Kyoto Group announce that it has signed a Letter of Intent (LOI) with the market leader within its segment of the food sector in Spain to deliver and install a thermal storage battery, the Heatcube, in the second half of 2023.
October 13, 2022. By News Bureau
Kyoto Group announce that it has signed a Letter of Intent (LOI) with the market leader within its segment of the food sector in Spain to deliver and install a thermal storage battery, the Heatcube, in the second half of 2023.

The Heatcube will provide a renewable solution for heat generation at the client’s facility in Spain, giving a competitive advantage for the client’s operation.
The parties will jointly finalize the technical evaluation and commercial negotiations for the installation of Kyoto’s Heatcube, which will provide the necessary heat for the food process. The joint ambition is to conclude this process shortly to start the operation in the second half of next year.

The project comprises 64 MWh of thermal storage, offering an annual capacity of up to 20 GWh thermal energy and a reduction of more than 3.000 tons of CO2 annually. Utilizing solar energy, the Heatcube will ensure emission-free heat production both day and night.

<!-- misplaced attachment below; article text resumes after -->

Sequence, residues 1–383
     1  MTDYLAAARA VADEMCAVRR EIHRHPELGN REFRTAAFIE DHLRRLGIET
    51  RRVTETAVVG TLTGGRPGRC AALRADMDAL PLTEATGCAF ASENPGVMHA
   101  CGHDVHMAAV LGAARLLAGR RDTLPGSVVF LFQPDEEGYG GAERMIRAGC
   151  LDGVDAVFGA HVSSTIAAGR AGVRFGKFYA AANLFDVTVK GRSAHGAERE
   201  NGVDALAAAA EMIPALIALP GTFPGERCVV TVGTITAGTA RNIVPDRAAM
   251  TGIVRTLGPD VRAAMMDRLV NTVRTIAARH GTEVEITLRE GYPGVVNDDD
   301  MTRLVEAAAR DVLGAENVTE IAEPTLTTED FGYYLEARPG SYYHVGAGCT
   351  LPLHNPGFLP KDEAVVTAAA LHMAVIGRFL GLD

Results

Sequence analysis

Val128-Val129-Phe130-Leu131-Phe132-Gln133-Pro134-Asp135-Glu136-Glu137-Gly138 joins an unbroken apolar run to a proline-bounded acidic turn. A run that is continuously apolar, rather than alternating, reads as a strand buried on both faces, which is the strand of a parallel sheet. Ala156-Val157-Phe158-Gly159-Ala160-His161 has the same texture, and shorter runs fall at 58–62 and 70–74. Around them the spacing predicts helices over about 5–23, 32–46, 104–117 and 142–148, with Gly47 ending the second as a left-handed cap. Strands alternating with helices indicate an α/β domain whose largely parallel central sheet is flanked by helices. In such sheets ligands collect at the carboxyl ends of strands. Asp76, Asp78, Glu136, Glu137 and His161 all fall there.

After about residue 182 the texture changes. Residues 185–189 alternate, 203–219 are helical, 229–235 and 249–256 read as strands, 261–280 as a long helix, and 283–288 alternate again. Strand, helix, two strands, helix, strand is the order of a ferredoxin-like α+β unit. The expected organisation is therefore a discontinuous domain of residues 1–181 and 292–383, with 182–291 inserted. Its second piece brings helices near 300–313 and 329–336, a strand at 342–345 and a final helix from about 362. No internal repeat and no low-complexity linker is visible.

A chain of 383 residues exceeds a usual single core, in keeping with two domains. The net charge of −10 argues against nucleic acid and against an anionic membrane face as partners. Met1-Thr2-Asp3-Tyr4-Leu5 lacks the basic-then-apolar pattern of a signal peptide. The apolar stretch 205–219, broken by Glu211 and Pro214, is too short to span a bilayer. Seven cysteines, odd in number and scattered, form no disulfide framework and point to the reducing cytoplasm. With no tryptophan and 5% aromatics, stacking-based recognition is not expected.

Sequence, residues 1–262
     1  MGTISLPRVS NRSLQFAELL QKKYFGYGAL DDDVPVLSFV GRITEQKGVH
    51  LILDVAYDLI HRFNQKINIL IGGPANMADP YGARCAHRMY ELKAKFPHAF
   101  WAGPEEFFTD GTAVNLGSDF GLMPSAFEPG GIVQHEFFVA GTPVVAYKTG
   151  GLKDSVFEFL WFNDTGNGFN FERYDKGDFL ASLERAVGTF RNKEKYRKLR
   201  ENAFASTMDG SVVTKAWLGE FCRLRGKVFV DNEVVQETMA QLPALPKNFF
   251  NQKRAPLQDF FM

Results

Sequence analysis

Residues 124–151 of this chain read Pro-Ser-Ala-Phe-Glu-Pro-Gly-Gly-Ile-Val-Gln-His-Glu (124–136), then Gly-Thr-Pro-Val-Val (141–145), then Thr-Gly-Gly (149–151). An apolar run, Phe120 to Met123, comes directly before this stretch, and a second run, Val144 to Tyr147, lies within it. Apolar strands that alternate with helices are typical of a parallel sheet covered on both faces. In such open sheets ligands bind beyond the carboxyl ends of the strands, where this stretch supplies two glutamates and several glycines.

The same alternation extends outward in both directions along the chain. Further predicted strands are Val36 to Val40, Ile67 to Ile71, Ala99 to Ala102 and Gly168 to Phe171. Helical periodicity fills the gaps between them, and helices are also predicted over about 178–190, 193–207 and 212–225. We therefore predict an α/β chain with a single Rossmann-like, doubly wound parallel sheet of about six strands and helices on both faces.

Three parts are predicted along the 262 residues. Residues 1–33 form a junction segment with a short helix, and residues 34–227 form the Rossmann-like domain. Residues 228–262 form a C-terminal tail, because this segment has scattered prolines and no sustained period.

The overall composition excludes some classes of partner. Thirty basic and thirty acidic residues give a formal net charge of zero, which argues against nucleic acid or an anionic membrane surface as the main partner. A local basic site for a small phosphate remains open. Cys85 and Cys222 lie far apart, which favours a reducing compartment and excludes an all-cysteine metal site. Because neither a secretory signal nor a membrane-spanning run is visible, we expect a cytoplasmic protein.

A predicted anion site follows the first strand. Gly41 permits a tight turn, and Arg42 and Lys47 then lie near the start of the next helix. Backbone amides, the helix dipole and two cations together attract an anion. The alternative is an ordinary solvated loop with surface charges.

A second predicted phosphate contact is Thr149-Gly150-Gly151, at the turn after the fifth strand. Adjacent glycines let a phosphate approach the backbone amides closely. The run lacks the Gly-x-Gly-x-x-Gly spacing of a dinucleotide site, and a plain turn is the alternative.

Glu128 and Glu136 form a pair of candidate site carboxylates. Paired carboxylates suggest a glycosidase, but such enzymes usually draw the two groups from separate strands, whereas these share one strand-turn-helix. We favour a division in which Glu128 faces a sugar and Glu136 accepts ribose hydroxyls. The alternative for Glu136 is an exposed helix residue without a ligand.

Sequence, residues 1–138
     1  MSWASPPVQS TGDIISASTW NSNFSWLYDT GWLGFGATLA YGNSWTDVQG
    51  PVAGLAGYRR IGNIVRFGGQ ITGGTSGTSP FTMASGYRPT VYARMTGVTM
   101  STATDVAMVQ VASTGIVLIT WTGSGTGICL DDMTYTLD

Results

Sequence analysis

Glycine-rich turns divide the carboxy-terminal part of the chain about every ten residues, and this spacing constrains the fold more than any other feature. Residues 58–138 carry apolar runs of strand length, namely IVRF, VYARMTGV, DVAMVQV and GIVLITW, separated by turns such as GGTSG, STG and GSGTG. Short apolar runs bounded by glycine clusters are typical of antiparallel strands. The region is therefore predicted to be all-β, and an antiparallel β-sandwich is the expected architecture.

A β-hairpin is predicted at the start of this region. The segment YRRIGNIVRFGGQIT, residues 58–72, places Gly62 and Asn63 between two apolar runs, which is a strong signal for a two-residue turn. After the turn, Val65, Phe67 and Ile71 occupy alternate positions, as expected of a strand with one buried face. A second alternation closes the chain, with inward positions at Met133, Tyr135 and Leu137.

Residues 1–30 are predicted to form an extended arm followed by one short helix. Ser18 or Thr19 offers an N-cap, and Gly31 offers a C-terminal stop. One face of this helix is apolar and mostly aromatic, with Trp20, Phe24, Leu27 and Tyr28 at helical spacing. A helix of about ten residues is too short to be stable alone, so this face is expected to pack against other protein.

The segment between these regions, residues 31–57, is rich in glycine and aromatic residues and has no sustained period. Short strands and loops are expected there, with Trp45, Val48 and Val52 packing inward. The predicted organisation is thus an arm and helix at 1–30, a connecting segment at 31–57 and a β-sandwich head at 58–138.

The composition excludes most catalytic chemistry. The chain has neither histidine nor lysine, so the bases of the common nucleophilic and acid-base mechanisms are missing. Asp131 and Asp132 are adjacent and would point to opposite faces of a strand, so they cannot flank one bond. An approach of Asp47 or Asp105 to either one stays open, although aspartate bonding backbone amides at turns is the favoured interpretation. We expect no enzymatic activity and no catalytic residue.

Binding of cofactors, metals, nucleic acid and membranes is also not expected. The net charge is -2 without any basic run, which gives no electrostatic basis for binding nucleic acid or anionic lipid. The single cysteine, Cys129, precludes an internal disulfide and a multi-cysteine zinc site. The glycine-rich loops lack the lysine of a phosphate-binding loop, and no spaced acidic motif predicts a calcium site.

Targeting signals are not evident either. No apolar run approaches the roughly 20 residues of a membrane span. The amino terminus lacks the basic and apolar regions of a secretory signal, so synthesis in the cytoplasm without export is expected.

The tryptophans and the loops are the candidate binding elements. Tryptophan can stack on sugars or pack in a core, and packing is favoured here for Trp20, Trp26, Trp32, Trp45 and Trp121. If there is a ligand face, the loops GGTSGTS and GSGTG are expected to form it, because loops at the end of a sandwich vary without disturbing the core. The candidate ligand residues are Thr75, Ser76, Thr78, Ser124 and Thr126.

The Heatcube provides thermal energy storage and heat generation in one product. It supplies industrial customers with the technology needed to lower both their costs for producing process heat and their CO2 emissions.
“We are proud to provide an effective solution for steam generation to our partner. Decoupling industry from high volatility, instability, and reliance on fossil fuels is a short-, medium-, and long-term goal. The energy policies for decarbonization of industry have arrived and will only become more ambitious. Kyoto is perfectly aligned with this trend,” says Tim de Haas, Chief Commercial Officer of Kyoto Group.
The Kyoto Heatcube can be configured with storage capacities from 16 MWh to over 96 MWh, with a discharge effect for each Heatcube of up to 5 MW.

It is an innovative, low-cost, and modular storage solution for thermal energy that can use multiple renewable energy sources to heat molten salt to over 450 degrees Celsius. The high-temperature salt is then used to produce steam for industrial production processes.
Kyoto Group CEO Camilla Nilsson adds: “This project not only signals our expansion and adoption of the Heatcube into the food industry, which uses a lot of process heat generated from natural gas. It also marks the first result of our recent expansion into Spain, where we have set up a technology center. Spain is a key market, not least because the country has a history of using molten-salt thermal batteries at concentrated solar power generation plants, so our core technology is well-known there.”

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